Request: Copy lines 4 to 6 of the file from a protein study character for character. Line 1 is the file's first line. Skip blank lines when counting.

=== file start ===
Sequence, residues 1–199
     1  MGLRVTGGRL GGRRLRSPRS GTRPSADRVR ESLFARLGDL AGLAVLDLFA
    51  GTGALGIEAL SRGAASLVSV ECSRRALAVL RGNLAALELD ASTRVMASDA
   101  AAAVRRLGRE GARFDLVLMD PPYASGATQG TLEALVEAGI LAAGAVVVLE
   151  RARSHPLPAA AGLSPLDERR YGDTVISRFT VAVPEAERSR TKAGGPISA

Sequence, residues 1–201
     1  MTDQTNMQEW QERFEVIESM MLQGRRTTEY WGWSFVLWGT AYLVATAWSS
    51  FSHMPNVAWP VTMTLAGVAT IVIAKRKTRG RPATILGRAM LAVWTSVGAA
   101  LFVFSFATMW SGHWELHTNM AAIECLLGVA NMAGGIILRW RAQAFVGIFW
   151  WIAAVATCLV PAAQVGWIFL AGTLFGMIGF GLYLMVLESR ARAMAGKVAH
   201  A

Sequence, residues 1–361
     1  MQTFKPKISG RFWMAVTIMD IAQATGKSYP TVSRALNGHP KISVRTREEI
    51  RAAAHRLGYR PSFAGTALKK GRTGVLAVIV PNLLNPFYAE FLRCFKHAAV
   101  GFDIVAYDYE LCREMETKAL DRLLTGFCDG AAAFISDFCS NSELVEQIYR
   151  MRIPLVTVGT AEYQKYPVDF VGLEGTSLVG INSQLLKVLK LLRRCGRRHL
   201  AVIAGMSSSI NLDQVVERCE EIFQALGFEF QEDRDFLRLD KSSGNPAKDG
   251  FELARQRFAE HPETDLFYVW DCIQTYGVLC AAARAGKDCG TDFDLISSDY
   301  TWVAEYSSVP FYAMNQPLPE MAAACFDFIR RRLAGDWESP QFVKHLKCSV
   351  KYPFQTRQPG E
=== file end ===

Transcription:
   101  AAAVRRLGRE GARFDLVLMD PPYASGATQG TLEALVEAGI LAAGAVVVLE
   151  RARSHPLPAA AGLSPLDERR YGDTVISRFT VAVPEAERSR TKAGGPISA

Sequence, residues 1–201